A limitation of our study is the cross-sectional nature of the data as opposed to longitudinal data or follow-up data and generally mild neurocognitive problems in LGG patients which did not allow the detection of small mean differences between patient and patient-by-proxy ratings. Follow-up data or assessment in high-grade glioma patients with probably more neurocognitive problems might have allowed the detection of small differences between patient and patient-by-proxy HRQOL ratings. The percentage of mean differences (equal or below 0, 5, and 10 points) could be impacted by the number of possible scores on a scale [ 12]. A very low number of possible scores or a very large distance between two possible scores (i.e., >10 points) could distort the agreement accuracy. Also, since patients in this study had stable disease with mild neurocognitive impairment, stable LGG are not representative of the general brain tumor patient population. Investigating agreement on high-grade glioma (HGG) patients with severe neurocognitive impairment would provide additional information to assess agreement between patient and patient-by-proxy ratings. The present study specifically addressed HRQOL and did not include estimates of mood or depression. Theoretically, mood might have affected our outcomes to a certain extent as a study among patients with major depression showed that responses to self-report questionnaires are influenced by the presence of depression [ 57].
One issue of potential concern is basing the analyses on 195 patients from the original sample of 281 patients might result in bias. This might have been the case if patients who did not participate in neurocognitive testing were excluded, for instance, because of poor neurological or physical status. We would argue, however, that it is unlikely that bias was introduced in our study. At the time that we conducted the original study, our expectation was that only approximately 100 LGG patients would be alive in the Netherlands and meet our eligibility criteria. In fact, we were ultimately successful in identifying 281 eligible patients. Because of limited financial and personnel resources, we were only able to assess neurocognitive functioning and HRQOL in 195 consecutive patients; we assessed HRQOL only in the remaining 86 patients. There was no evidence to suggest that those who underwent both neurocognitive testing and completed HRQOL assessment differed in any significant way from those who only completed the questionnaires.
In conclusion, our data demonstrate that there is an overall high level of agreement between patient and patient-by-proxy ratings of LGG patients’ HRQOL, although the agreement for some measures is weaker in those cases where patients have neurocognitive impairment. This implies that in general, patient-by-proxy-reported outcomes can be used to replace missing patient-reported outcomes to solve compliance issues in clinical trials in this patient population. This is not the case, however, for patients with cognitive deficits who are no longer able or willing to provide self-reported data. Specifically, regarding the lack of a ‘gold standard,’ discordant patient–proxy reports should currently be considered as a parallel source of information on patient functioning. Since it is not always possible to predict which patients will suffer from progressive neurocognitive deficits, or when, it is advisable to build proxy assessments into study designs from the start of brain tumor clinical trials as is currently the case in EORTC studies 26101 (NCT01290939) and 26091 (NCT01164189).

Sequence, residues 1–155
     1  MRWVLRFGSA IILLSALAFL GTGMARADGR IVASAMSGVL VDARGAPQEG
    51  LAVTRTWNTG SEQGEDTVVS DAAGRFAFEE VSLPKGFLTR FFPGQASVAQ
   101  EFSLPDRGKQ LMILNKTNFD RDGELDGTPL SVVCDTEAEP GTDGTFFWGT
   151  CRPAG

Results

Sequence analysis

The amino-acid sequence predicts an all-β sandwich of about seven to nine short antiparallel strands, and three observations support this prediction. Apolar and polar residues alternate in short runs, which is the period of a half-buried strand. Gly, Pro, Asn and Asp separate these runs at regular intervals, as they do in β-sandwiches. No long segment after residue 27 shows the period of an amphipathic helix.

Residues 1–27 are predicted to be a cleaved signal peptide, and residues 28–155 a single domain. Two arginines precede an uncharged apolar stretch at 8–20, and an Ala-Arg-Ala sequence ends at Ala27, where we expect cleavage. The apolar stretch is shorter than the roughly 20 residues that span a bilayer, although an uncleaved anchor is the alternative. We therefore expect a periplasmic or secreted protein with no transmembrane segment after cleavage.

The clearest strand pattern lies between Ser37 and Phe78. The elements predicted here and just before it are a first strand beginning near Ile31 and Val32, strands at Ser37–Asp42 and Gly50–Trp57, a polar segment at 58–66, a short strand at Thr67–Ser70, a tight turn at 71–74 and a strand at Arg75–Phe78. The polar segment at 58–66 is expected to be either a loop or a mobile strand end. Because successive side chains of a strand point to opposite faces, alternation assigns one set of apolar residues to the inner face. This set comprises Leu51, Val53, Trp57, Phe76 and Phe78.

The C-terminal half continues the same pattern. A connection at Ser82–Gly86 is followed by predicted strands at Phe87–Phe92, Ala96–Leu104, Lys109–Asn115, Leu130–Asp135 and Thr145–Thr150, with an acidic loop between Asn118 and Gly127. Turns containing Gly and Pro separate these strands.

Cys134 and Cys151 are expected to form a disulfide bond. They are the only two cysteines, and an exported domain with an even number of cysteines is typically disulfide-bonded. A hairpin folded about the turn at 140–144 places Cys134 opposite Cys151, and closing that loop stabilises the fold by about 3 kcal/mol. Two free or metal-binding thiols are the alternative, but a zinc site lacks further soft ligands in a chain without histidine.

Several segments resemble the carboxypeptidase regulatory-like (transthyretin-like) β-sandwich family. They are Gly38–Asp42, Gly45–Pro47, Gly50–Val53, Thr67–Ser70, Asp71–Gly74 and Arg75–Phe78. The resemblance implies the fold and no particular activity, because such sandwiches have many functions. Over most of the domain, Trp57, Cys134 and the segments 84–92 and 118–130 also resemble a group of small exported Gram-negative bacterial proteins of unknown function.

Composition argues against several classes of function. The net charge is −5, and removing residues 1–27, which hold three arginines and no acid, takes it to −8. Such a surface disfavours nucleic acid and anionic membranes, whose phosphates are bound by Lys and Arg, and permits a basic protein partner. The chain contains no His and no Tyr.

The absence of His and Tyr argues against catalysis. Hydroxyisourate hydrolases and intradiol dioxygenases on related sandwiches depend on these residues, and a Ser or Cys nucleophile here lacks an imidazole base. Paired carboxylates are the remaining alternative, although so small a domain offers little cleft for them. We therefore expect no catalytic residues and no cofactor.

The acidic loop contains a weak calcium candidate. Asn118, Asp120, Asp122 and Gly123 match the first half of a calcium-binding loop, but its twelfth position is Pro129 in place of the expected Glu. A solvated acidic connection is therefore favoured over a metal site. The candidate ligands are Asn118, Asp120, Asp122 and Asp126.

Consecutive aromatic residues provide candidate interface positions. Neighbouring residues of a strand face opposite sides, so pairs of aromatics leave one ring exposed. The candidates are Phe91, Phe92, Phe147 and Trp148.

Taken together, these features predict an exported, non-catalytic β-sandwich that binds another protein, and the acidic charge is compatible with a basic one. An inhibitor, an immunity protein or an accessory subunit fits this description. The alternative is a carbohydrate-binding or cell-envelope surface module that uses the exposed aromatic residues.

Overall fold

Acknowledgments

We thank the neurologists, neuro-oncologists, neurosurgeons, and radiation oncologists from VU University Medical Center, The Netherlands Cancer Institute/Antoni van Leeuwenhoek Hospital, Slotervaart Hospital, Academic Medical Center (Amsterdam), Leiden University Medical Center (Leiden); Medical Center Haaglanden, HAGA Hospital (The Hague); Erasmus University Medical Center (Rotterdam); St. Elisabeth Hospital (Tilburg); University Medical Center Maastricht (Maastricht); Hospital De Wever (Heerlen); University Medical Center Utrecht (Utrecht); Sint Antonius Hospital (Nieuwegein); University Medical Center Sint Radboud (Nijmegen); and Groningen University Medical Center, Martini Hospital (Groningen) for permission to include their patient–proxy dyads in the study. Furthermore, we would like to thank the Dutch Cancer Society, La Fondation Contre le Cancer, National Cancer Institute, EORTC Research Fund, and Pfizer Global Partnership Foundation for funding this study; and Cheryl Whittaker for editorial help.

Funding

This work was supported by Grant VU96-1155 from the Dutch Cancer Society and by grants from La Fondation Contre le Cancer and USA Grant No 5U10 CA011488-39 through 5U10 CA011488-40 from National Cancer Institute (Bethesda, MD), European Organization for Research and Treatment of Cancer (EORTC) Charitable Trust, and Pfizer Global Partnership Foundation.

Compliance with ethical standards

Conflicts of interest

No authors have a potential conflict of interest.

Human and animal rights

All procedures performed in studies involving human participants were in accordance with the ethical standards of the institutional and/or national research committee and with the 1964 Helsinki Declaration and its later amendments or comparable ethical standards.

Informed consent

Informed consent was obtained from all individual participants included in the study.
Open AccessThis article is distributed under the terms of the Creative Commons Attribution 4.0 International License ( http://​creativecommons.​org/​licenses/​by/​4.​0/​), which permits unrestricted use, distribution, and reproduction in any medium, provided you give appropriate credit to the original author(s) and the source, provide a link to the Creative Commons license, and indicate if changes were made.